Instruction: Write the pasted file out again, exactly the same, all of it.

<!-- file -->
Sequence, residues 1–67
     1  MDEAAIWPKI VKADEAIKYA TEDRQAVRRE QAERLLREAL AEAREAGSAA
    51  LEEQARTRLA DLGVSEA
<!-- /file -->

Sequence, residues 1–67
     1  MDEAAIWPKI VKADEAIKYA TEDRQAVRRE QAERLLREAL AEAREAGSAA
    51  LEEQARTRLA DLGVSEA